|FEES CHARGED ON EXPORT LETTERS OF CREDIT
How Are L/C Fees Split Between Importer and Exporter?
Generally, the fee splitting arrangement under letters of credit is
for the buyer/importer to absorb most of the the costs incurred in
setting-up the L/C. The costs in the beneficiary’s (seller's) country
are usually the responsibility of the beneficiary. Although this is
the typical arrangement, the buyer and seller can arrange to split
letter of credit fees in a variety of ways. For example, the buyer
could absorb all fees both on its end as well as on the beneficiary’s
side. Or, the beneficiary could pay for all the bank fees except for
the reimbursing bank charge (see below).
What fees does the beneficiary normally pay?
Export letter of credit charges include the following:
Compensates the advising bank for authenticating the L/C,
sending the L/C to the beneficiary, and logging the L/C into the
bank’s liability system.
Expressed as a percentage of the drawing amount but subject to a
minimum charge. Compensates the bank for examining the
documents compared to the terms and conditions of the letter of
Compensates the bank for additional work involved in clearing a
discrepancy or arranging for payment with discrepant documents.
The advising bank charges for discrepancies and increasingly so
does the issuing bank.
Telex or communication charges to buyer’s bank
These are often incurred when there are discrepancies or to follow-
up on a payment. The exporter should try to fax its buyer direclty
to work-out any issues on payment since it is cheaper than using
the bank than an intermediary.
Courier & Postage
For sending documents and drafts to the issuing bank/reimbursing
Reimbursement bank charge
The issuing bank often selects a reimbursing bank in the seller's
country and the reimbursement charge for L/C drawings is usually
paid by the beneficiary. The total of these charges typically
ranges from $150 to $250 dollars.
Bank-to-Bank reimbursement arrangements
The issuing bank selects which foreign bank will provide the money
for drawings under export letters of credit. This is a specialized
service, which some banks offer foreign banks in order to expedite
payments and ease the foreign bank’s reconcilement work on
export L/C reimbursements. Since the issuing bank is selecting the
reimbursing bank, the issuing bank is aware of the charge being
assessed - usually for the account of the beneficiary/seller.
The exporter should be aware that Article 19 (e) of the UCP 500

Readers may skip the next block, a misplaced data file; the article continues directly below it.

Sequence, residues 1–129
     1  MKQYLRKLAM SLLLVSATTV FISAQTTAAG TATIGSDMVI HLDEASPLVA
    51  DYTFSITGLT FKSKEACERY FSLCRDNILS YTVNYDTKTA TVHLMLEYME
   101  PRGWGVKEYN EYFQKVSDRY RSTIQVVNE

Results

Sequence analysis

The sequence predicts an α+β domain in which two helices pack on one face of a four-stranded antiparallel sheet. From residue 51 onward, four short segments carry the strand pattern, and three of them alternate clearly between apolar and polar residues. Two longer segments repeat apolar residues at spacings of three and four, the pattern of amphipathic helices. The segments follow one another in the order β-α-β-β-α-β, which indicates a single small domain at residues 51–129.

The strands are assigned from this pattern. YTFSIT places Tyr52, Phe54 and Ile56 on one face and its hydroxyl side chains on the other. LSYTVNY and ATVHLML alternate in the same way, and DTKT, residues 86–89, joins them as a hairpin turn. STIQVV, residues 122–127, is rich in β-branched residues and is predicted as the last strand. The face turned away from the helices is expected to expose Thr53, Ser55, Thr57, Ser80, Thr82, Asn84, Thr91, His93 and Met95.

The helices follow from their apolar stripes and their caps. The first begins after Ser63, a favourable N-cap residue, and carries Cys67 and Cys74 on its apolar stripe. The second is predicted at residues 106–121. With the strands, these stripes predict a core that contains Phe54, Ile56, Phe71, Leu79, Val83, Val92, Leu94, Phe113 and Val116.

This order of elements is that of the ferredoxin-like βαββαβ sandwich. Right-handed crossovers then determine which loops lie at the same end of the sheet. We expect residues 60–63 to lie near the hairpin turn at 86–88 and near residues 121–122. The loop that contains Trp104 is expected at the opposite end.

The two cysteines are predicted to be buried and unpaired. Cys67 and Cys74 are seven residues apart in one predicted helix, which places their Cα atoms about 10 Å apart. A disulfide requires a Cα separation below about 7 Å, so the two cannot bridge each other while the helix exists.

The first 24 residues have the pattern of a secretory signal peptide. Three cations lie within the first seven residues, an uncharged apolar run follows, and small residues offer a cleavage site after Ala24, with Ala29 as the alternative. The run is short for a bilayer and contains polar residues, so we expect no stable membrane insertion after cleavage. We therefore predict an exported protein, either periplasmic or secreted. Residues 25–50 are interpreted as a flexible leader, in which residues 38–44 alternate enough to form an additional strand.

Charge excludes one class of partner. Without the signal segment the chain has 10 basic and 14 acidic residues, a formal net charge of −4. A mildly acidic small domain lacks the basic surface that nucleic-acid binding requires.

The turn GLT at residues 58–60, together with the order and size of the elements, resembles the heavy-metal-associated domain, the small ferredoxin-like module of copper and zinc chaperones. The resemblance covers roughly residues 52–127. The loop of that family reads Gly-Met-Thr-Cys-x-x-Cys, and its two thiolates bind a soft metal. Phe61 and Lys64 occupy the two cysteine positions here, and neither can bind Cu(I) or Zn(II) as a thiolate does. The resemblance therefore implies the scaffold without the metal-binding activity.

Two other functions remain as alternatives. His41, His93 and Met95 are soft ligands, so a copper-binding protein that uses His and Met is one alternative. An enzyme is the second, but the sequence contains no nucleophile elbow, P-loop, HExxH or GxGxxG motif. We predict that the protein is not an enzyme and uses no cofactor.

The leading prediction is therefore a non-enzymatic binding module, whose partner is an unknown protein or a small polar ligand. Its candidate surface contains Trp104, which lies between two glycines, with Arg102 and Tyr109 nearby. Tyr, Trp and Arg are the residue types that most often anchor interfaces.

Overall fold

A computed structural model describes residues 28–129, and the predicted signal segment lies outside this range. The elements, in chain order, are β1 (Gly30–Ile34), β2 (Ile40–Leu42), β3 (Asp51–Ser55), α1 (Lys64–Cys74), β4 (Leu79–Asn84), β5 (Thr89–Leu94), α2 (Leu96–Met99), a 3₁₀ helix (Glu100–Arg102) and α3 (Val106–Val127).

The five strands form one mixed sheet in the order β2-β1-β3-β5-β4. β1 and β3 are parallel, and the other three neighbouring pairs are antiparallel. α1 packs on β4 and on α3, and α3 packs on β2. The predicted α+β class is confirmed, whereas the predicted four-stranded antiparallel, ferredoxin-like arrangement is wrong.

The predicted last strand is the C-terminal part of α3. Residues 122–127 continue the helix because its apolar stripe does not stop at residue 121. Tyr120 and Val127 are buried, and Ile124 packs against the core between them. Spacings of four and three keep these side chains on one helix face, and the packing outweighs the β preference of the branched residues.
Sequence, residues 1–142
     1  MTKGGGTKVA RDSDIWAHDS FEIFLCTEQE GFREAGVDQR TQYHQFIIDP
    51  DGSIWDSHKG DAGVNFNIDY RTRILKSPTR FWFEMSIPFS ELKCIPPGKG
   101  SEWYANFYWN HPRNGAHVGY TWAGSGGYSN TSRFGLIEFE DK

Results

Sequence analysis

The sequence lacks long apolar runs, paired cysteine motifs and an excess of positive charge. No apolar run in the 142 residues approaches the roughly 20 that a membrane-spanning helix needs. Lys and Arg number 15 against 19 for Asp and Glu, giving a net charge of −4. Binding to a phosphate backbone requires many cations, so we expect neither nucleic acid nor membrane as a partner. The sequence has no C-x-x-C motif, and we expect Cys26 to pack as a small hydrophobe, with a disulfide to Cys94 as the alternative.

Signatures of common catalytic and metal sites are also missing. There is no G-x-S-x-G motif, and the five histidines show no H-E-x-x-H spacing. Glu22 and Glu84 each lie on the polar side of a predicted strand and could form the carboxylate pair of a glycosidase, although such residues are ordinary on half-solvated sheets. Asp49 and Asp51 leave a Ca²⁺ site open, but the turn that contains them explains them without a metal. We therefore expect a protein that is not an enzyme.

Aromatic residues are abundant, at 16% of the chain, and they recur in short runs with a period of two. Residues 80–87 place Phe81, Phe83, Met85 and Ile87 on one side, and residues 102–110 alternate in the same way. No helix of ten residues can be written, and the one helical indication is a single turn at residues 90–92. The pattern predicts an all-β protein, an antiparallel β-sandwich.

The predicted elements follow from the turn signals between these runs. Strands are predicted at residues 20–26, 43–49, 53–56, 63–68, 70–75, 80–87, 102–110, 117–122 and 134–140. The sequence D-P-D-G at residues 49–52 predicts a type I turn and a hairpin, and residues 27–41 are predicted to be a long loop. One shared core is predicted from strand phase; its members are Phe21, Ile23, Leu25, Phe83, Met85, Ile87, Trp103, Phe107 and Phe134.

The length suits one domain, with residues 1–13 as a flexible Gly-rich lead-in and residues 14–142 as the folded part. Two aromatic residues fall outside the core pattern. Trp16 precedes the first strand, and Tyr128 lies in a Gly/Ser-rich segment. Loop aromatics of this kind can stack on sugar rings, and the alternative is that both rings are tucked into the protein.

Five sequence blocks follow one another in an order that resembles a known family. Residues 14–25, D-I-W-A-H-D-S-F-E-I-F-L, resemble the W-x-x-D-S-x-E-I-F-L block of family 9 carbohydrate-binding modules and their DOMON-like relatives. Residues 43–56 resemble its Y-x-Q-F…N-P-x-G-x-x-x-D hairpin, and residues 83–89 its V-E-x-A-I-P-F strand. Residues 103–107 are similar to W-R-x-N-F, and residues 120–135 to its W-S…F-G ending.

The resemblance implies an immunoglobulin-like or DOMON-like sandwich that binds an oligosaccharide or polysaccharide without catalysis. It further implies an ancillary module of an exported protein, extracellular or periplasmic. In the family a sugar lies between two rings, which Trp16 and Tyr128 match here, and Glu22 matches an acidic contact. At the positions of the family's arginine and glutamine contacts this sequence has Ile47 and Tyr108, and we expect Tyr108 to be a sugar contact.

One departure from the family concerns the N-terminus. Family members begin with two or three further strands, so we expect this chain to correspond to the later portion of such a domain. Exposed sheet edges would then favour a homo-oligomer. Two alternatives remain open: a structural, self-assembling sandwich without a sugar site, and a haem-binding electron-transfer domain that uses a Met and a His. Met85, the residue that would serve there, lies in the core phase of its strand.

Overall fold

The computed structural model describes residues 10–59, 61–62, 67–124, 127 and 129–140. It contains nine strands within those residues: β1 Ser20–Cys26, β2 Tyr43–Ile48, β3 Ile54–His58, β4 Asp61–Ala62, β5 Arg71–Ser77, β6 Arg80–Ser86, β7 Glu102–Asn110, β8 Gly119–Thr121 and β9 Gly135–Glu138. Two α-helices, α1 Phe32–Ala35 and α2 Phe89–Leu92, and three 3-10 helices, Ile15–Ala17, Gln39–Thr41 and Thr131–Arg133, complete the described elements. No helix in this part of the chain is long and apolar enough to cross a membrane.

states that “the Reimbursing Bank’s charges should be for the
account of the Issuing Bank. However, in cases where the charges
are for the account of another party, it is the responsibility of the
Issuing Bank to so indicate in the original Credit and
Since the reimbursing bank charge should be for the account of
the Issuing Bank, the exporter should try to have the buyer absorb
that cost. Passing this cost to the account party (buyer) eliminates
one of the more costly L/C charges: typically ranging from $25 to
$150. If the buyer is absorbing the reimbursement cost, the buyer
should have leverage with its bank to reduce that charge.
There are two types of fees where the exporter can control its cost:
the advising fees and discrepancy fees. The exporter should
instruct the buyer to have the export letter of credit advised directly
to the bank that they are already using. This will save the exporter
the cost of having the L/C advised through a first advising bank
and then through to the exporter's bank. The bank issuing the L/C
usually has an arrangement with a correspondent bank to have
export letters of credit directed through that correspondent bank,
which in turn gives the issuing bank a rebate. Thus, the exporter
should push for direct advising to their own bank and thus save
money and reduce the number of banks involved in the seller's
There are instances where the issuing bank is small and has a
special arrangement with its preferred correspondent bank for
advising letters of credit. For these cases it may be difficult for the
small foreign bank to advise the L/C directly to any other bank.
Finally, the exporter should read carefully the section on “Payment
and Discrepancies” in order that clean documents are presented,
thereby expediting payment and eliminating discrepancy charges.
Buyer’s Letter of Credit Fees
Exporters often are not fully aware of the credit implications and
cost involved for the buyer in opening a letter of credit. In order for
the buyer to open a letter of credit with its bank, the buyer must
have an appropriate credit facility with the issuing bank. Although
the cost of opening a letter of credit varies from country to country,
as a rule of thumb, the exporter can estimate that in most
developed nations, the percentage cost for opening and paying a
letter of credit will be 3/4% for letters of credit in excess of
$100,000 (minimums will vary from bank to bank); for in
underdeveloped countries, the issuing and negotiation cost can be
upwards of 1.5%.
The cost for the buyer in opening its L/C and for subsequent
negotiation is important information. The exporter should ask the
buyer what the typical charges are in its country and how much its
bank charges for opening and negotiating letters of credit. For the
buyer with scarce credit availability, there is also the cost of using
its credit line for opening a letter of credit. Remember, the buyer
that is having the letter of credit issued must also have the
adequate credit facility with it's issuing bank.
L/C charges should be factored into selling price
It is always important for the exporter to quote its export selling
price knowing all the costs involved: freight, insurance, duty, bank
export L/C charges, and issuing bank opening and payment fees.
Obviously, the export L/C charges may make the deal unprofitable
if the transaction amount is relatively small.